Few topics in the world of education have as much resonance in the national conversation as the quality of the people entrusted with teaching American children: New standards, preparation, and evaluation methods for teachers are being discussed on an almost daily basis.
But Suzanne Wilson, a nationally renowned expert on teacher preparation and professional development who joined UConnʼs Neag School of Education as the Neag Endowed Professorship from Michigan State University, says thatʼs not an entirely novel development.
“Historically, weʼve gone through a number of periods where the public was concerned about the preparation of teachers,” she says. “You had it in the 1920s, in the 1930s, in the 1960s.”
Whatʼs new at this time, however, is the number of new institutions offering teacher preparation; the changes in school districts themselves, as models like charter schools become more common; and the unprecedented national pressure on schools. The result, Wilson says, is that the people under the microscope can start to feel overburdened.
“The accountability movement has hit education particularly hard, and has raised serious questions about what schools are actually for,” she says. “Itʼs one thing to say we want to hold everyone accountable, but itʼs another to decide what your standards and measurements are going to be. I think teachers have felt really besieged in holding onto what they feel is right for students.”
As the debate over schools and teacher evaluations continues, Wilson says itʼs important not to lose sight of whatʼs been proven successful in the best teacher preparation programs.
“Close, intimate, two-way relationships with the schools,” she says. “Schools are busy places, and so when somebody is becoming a teacher they really need to do it in a structured, protected way, and thatʼs what a good teacher preparation program will help you do. You donʼt want to throw a prospective teacher into a classroom and say, ʻSink or swim.ʼ But universities canʼt do a good job preparing teachers unless theyʼre working hand-in-hand with the people in the schools who see all the issues in education on a daily basis, including how quickly things change.”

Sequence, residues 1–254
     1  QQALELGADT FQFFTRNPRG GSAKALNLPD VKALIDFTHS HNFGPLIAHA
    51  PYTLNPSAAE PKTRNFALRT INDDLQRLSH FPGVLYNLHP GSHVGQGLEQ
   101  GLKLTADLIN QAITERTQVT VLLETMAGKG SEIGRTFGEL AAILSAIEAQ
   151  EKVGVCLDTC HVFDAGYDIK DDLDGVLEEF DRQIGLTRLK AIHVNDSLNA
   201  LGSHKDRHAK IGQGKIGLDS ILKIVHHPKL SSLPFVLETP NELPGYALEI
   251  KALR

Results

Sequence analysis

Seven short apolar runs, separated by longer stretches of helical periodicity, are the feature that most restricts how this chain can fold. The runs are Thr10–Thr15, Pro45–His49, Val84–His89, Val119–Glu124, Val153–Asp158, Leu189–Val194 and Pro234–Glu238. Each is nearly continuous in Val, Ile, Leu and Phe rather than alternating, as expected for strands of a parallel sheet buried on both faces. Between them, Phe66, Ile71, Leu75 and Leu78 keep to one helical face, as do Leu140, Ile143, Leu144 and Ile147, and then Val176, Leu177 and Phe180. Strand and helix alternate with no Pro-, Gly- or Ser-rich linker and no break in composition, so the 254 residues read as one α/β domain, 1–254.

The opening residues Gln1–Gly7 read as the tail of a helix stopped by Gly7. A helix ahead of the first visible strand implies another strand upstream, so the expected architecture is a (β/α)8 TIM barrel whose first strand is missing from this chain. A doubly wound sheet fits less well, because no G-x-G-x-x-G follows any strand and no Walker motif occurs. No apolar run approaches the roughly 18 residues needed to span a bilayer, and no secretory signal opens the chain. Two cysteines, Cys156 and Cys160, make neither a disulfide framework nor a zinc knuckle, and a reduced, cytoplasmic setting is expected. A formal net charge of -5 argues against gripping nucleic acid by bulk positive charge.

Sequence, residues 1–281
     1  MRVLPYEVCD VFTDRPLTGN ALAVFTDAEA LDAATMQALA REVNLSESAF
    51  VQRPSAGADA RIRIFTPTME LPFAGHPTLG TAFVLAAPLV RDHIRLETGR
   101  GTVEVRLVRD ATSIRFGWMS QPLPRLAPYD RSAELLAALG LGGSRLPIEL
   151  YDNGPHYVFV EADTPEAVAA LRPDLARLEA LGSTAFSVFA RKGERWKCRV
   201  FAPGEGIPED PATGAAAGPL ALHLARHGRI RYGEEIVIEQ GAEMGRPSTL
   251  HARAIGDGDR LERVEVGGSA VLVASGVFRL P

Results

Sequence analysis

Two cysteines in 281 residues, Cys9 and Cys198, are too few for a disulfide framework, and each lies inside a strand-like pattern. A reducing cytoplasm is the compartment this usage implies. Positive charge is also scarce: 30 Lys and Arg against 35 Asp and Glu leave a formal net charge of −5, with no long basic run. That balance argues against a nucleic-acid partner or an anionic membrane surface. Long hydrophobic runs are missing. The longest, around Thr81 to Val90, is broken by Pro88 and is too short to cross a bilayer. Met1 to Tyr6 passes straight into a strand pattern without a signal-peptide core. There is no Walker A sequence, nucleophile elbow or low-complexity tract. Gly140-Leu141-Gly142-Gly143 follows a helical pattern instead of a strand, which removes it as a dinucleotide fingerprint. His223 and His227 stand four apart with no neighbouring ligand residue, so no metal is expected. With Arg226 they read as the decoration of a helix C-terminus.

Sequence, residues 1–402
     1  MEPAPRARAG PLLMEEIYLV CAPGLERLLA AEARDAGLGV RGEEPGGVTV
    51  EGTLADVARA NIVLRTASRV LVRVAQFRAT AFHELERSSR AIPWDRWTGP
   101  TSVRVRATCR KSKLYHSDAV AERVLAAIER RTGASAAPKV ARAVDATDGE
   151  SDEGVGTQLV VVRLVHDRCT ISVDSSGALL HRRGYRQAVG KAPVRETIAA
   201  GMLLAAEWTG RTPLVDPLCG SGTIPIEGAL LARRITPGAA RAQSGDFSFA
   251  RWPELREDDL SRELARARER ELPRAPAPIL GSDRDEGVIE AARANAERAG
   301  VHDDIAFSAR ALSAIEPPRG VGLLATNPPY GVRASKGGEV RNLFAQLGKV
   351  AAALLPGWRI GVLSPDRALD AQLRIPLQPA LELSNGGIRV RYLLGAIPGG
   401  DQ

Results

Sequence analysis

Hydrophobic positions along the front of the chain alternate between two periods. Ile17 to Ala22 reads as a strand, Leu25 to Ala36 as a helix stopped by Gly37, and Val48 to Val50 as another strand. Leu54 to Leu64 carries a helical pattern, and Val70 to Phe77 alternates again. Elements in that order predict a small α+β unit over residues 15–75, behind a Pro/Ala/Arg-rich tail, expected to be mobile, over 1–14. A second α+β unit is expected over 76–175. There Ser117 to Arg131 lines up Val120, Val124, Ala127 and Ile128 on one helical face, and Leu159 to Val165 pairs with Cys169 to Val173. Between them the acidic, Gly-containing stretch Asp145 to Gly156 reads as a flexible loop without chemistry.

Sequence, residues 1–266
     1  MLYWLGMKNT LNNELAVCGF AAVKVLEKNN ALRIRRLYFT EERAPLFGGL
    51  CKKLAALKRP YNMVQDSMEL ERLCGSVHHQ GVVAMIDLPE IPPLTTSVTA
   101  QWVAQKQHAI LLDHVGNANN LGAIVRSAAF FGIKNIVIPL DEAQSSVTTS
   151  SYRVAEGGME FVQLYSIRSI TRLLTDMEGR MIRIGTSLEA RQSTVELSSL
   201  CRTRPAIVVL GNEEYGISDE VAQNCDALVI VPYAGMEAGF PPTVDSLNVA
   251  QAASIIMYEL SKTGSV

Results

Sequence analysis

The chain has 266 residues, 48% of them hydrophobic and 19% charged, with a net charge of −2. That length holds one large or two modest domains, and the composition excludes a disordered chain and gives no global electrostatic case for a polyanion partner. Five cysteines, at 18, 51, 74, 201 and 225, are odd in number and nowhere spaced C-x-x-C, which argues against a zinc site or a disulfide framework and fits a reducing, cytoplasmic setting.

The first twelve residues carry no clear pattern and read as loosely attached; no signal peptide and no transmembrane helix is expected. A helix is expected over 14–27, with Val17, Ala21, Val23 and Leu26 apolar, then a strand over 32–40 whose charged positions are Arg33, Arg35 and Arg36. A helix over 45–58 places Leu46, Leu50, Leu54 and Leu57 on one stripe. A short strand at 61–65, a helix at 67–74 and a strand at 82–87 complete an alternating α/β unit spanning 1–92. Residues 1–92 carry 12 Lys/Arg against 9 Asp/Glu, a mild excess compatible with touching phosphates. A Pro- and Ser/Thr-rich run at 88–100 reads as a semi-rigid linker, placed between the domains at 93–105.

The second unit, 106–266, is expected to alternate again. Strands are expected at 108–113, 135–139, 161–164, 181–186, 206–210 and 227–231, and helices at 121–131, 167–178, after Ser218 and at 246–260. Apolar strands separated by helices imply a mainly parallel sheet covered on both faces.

Wilson comes to UConn from Michigan State University, where she was a University Distinguished Professor and chair of the Department of Teacher Education. She received her undergraduate degree in history and American Studies from Brown University, and also has a masterʼs degree in statistics and Ph.D. in education from Stanford University. Before joining MSU, she was the first director of the Teacher Assessment Project, which created prototypes used for assessments by the National Board for Professional Teaching Standards.
“One of the things about UConn that struck me as really promising and exciting is that you have healthy collaboration and relationships with the disciplines outside the school of education,” she says. “The whole university is involved in teacher education, and thatʼs one hallmark of a high quality environment.”
Wilson comes to UConn at an auspicious time, shortly after the passage of landmark education legislation that created a role for the Neag School in helping to develop teacher evaluation models in the state. Wilson, whoʼs done research in Connecticut previously, says sheʼs looking forward to seeing how the state moves forward in the constantly changing realm of education policy.
“First, I just want to get to know UConnʼs programs and people, and I want to hang out in the schools of Connecticut, in the schools where new teachers are learning to teach,” she says. “Itʼs really going to be an interesting time in education not just in Connecticut, but around the country.”
For more information about professorships and supporting the Neag School of Education, contact Heather McDonald at (869) 486-4530 or firstname.lastname@example.org.